While we say it’s a shared responsibility between ourselves, our customers and our partners, it also is everybody’s responsibility. It’s your responsibility to understand how ransomware affects your role and then how it affects the other organizations of the other people you work with.
There’s a lot of talk about the human element of ransomware attacks. Historically, and unfortunately, it’s always been very negative where we hear humans are your biggest risk. Even recent research says 85% of all ransomware attacks started with a human error.
The reality is also that we as humans are our number one line of defense. But that defense has to be built up, that muscle has to be trained so that we understand what phishing attacks look like. What [do] these web or social engineering attacks look like? And we start to avoid them.
But also, as individuals, we have to ask and challenge everybody who walks through our door if it’s a partner, bringing in a solution. If it’s another person coming in having a look around. We do have to be cybersecurity aware and [be] cybersecurity challengers. Actually, what I call cyber defenders.
Hannah: That leads me right into my next question.
Why do you think healthcare organizations have such a big gap between cybersecurity best practices and what employees are actually doing? Why is there still 85% of these attacks that have a beginning human error point?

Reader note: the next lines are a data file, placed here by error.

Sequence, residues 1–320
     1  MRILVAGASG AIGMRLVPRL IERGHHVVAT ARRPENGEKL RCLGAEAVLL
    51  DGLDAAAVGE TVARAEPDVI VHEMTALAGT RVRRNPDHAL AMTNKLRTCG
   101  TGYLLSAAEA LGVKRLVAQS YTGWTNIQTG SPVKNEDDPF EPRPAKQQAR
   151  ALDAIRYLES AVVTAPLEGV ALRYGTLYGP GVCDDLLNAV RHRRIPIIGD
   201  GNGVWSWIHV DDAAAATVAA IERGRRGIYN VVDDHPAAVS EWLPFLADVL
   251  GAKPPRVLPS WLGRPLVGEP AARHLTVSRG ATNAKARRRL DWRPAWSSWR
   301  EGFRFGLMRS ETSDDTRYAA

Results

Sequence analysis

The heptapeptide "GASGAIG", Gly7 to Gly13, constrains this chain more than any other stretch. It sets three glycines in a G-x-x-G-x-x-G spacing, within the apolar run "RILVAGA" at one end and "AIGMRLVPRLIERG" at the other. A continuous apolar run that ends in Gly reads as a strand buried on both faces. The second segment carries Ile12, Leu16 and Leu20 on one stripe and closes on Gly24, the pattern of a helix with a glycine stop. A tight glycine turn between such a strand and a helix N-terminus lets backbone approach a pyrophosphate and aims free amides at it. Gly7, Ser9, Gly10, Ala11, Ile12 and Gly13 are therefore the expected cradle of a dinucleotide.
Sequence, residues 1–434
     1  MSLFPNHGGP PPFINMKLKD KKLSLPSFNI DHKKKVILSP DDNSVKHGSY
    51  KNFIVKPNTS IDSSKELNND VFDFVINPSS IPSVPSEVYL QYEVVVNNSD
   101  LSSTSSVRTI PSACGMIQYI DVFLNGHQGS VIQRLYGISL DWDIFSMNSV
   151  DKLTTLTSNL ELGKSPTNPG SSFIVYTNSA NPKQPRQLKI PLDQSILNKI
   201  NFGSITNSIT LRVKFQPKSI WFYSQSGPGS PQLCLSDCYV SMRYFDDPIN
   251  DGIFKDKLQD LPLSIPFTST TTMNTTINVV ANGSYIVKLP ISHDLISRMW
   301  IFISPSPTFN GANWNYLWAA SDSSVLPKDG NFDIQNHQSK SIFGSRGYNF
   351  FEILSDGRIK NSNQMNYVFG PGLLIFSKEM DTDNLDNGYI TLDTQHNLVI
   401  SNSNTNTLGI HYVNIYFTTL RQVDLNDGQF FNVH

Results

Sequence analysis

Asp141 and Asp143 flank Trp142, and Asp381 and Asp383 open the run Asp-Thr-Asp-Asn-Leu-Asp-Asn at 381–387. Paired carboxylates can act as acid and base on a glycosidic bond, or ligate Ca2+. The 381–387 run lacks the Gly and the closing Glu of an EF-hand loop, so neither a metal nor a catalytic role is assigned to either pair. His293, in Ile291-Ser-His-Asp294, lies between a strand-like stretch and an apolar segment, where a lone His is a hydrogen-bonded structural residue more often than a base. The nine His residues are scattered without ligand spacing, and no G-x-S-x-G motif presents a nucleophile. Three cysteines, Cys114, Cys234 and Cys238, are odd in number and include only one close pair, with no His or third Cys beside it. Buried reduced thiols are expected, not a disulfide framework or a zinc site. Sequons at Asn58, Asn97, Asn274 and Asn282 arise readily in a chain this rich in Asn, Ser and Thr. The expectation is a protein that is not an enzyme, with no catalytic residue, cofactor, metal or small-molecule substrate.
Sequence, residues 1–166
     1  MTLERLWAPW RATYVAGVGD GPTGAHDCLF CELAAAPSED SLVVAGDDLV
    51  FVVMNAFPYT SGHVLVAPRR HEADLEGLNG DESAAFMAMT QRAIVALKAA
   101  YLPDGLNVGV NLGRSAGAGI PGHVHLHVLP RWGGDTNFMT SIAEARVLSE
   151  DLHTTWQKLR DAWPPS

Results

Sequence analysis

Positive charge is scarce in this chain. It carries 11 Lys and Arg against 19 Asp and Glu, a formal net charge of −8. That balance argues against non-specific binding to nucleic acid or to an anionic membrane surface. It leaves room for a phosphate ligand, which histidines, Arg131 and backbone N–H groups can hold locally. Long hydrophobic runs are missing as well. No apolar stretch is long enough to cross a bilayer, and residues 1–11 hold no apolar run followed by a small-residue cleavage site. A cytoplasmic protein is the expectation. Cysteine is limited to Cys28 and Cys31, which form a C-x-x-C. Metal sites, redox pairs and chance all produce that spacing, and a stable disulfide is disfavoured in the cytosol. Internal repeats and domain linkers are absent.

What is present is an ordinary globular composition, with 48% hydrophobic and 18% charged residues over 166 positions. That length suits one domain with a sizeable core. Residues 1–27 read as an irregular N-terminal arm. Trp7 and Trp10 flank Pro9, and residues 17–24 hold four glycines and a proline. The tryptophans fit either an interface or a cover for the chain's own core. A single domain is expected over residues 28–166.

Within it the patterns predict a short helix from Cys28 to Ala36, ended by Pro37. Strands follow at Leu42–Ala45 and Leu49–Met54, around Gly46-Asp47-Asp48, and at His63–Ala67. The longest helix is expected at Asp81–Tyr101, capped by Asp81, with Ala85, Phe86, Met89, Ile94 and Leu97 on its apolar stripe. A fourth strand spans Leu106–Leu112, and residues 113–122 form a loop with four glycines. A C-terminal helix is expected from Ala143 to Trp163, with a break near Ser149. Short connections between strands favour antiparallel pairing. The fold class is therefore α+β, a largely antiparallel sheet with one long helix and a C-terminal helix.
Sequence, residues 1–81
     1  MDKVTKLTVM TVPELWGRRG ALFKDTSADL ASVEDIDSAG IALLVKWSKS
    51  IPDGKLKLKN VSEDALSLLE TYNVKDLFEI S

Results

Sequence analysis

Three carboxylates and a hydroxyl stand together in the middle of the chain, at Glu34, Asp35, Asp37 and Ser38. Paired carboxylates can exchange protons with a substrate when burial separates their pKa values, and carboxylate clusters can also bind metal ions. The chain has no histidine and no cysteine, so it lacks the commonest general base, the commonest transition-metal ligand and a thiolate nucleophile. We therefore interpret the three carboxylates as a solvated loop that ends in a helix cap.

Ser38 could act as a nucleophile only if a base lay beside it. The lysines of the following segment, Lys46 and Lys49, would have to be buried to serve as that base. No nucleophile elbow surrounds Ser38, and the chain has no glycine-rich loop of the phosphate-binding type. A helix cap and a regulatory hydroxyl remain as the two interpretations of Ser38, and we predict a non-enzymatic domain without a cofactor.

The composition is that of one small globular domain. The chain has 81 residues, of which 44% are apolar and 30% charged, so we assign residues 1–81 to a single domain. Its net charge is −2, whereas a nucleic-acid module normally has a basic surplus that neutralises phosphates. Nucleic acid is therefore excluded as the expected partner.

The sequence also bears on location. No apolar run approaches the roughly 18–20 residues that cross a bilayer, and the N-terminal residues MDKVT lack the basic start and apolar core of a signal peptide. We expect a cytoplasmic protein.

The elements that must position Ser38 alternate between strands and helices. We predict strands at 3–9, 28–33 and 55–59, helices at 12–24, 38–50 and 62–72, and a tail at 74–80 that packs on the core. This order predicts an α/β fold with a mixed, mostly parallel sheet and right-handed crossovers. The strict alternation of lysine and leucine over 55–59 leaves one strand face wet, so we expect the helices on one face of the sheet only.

Hector: It really is about time. It’s about people. It’s about resources. Cybersecurity has gotten expensive. It does need more investments from the healthcare industry. And we do see that happening.
Also, the healthcare industry is a complex industry. Healthcare is complex. We are complex beings. Biology is complex. We have to learn from each other.
Historically, organizations took on this workload on their own. Nowadays, we’re seeing more crowdsourcing. We’re seeing more anti-phishing scenarios being used in training that is being leveraged across industries—being leveraged through data-driven approaches. So we have adaptive learning. We have psychological learning to really train these behaviors.
The other thing that we need to do more of is, people need to be trained constantly. You said it earlier. Cybersecurity is always on. Attackers are always on. We, as cybersecurity defenders, have to always be on. We have to continue to evolve.
And so security awareness training has to be part of the way we work, it has to be. What I say is operationalized IT. No longer is it a once-a-year exercise where you say, “I went through training. I am now HIPAA compliant. I am now security-aware.” It does not work that way.
Hannah: It does.
My previous guest, Brian Fritton, said that cybersecurity should be part of your company culture. It should be something that you ingrain in people. “Hey, we have these 401k benefits. We have all these other benefits. And then we also have the cybersecurity training for work, but then also home.” Because if they’re practicing at work and practicing at home, they’ll only get better.